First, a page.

CLEVELAND -- Cleveland Indians starting pitcher Corey Kluber had to move back his latest start because of neck issues, but the extra rest did him plenty of good against the Toronto Blue Jays at Progressive Field Sunday.
Kluber struck out 14 Blue Jays hitters, scattered five hits, allowed only one earned run and surrendered a pair of walks in leading the Indians (51-45) to an 8-1 victory, which completed the three-game sweep of Toronto (44-54).
“It was fine,” Kluber said. “Fortunately, I was able to get a couple extra days. It wasn’t anything that was all that concerning. I just needed a couple extra days to kind of get to a spot where I wanted to be. I didn’t think about it at all. I didn’t have any issues with it, so it was non-factor.”
Cleveland Indians starter Corey Kluber comfortable with missing All-Star Game
Now in his seventh Major League season, Kluber has been the rock of the Indians’ rotation for several years, but after returning to the team following a lower back strain that cost him multiple starts, he has regained the form that made him an American League Cy Young Award finalist last year and an All-Star in back-to-back seasons.
In a tough-luck 1-0 loss to the San Diego Padres at Progressive Field on July 4, Kluber struck out 10 hitters, and in doing so, set a new Indians record for the most consecutive 10-plus strikeout performances (five).
Despite taking his third loss of the season, Kluber allowed only one walk, scattered five hits and one earned run and registered the 10 strikeouts over eight innings of work. Of Kluber’s 107 pitches, 73 found the strike zone.
In his final start of the first half, Kluber’s streak of consecutive games with at least 10 strikeouts came to an end, as he struck out eight with three hits and one earned run allowed over five innings of work. Kluber threw 101 pitches, and only 61 of them found the strike zone in a 5-3 home loss to the Detroit Tigers.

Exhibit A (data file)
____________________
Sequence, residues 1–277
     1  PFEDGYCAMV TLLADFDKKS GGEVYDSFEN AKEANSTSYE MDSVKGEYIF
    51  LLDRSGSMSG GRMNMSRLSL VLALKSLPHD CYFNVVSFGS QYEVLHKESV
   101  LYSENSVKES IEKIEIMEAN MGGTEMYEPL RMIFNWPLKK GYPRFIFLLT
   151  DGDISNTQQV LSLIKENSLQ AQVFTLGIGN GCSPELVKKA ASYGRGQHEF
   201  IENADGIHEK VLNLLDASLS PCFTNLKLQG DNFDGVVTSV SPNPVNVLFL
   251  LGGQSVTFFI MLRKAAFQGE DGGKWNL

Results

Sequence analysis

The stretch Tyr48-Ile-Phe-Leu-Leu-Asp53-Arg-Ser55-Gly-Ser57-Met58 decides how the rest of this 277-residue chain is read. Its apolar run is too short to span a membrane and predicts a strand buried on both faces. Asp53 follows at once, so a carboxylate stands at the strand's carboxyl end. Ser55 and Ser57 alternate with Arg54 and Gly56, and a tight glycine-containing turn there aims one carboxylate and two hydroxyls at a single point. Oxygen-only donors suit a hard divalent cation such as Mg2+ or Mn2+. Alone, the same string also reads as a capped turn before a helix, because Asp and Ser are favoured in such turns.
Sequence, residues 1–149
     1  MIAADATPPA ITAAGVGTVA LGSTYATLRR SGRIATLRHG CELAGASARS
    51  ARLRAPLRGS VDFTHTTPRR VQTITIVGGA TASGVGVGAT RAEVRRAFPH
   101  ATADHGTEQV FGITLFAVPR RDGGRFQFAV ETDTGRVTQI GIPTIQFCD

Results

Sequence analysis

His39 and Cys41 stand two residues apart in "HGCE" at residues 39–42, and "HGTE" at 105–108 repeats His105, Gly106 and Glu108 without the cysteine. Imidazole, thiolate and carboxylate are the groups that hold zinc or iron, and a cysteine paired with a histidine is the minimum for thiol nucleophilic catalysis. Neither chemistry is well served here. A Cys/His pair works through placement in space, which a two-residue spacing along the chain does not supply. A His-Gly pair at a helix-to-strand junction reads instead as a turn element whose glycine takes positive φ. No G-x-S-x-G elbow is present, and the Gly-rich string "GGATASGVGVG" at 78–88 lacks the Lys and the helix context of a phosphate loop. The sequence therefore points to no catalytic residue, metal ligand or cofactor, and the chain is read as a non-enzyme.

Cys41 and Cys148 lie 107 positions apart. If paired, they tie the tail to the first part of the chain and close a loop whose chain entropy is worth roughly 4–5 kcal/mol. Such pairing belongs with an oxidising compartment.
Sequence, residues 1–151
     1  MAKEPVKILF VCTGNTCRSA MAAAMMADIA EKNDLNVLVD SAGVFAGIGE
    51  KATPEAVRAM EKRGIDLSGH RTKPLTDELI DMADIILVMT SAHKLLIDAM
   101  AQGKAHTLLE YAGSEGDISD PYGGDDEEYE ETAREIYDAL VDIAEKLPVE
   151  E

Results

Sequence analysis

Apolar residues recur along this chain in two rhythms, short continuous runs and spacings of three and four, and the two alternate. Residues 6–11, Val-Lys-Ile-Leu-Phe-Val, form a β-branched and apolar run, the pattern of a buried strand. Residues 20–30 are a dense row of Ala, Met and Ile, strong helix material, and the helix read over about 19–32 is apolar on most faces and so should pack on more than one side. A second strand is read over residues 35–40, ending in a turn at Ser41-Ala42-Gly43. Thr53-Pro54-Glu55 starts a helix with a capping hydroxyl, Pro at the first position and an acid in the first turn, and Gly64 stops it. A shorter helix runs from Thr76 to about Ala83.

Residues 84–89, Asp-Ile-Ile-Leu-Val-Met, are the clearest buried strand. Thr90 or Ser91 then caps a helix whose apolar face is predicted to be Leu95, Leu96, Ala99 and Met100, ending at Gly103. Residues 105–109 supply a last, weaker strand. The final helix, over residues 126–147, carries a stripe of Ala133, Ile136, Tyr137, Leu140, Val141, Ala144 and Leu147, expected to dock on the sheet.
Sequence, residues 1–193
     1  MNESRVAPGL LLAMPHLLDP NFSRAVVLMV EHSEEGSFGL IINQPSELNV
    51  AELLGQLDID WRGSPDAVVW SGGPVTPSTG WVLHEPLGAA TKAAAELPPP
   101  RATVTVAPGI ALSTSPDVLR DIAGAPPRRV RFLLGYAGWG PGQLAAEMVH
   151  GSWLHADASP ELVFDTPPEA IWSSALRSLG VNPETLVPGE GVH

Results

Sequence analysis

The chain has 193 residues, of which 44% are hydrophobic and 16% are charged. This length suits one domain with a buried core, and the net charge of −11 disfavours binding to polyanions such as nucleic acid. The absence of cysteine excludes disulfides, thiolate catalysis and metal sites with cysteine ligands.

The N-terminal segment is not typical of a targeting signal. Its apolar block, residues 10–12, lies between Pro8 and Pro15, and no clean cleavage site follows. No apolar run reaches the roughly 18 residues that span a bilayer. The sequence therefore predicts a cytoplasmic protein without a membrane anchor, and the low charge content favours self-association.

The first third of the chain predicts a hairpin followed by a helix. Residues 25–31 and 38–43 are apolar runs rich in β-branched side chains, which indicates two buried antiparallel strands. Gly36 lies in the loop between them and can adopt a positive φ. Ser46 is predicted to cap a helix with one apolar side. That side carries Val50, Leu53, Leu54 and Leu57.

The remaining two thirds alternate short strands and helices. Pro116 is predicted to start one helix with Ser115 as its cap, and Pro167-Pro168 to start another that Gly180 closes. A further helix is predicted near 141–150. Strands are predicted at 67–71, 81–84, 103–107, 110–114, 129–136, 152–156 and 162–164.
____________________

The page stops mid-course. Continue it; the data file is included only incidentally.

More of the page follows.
Before Kluber took the mound a second time Sunday, he had a four-run cushion with which to work.
“It’s always nice to score early,” Kluber said. “It’s a big boost when we go on to put up four in the first. It kind of spreads things out early. It gives the pitcher more room for error, but it also kind of puts the other guy on the ropes. Later on in the game, you can see what happens.”
Kluber has had eight or more strikeouts in 10 straight starts, which bested the franchise's previous mark of nine straight eight-strikeout outings set by Hall of Fame pitcher Bob Feller from April 16 to May 21 during the 1946 season.
The 108 strikeouts over his last 10 starts are the most over a 10-game stretch in Indians history.
Now, Kluber has five 14-strikeout games in his career.
“I think they were pretty aggressive the entire series,” Kluber said if Toronto's hitters.
“I guess that’s one of the advantages to pitching the third game of the series. You can kind of watch them the first couple days and pick up on any tendencies. They were fairly aggressive the entire time, and I think we did, for the most part, a pretty good job of using that aggressiveness not just to get strikeouts, but to get quick outs too.”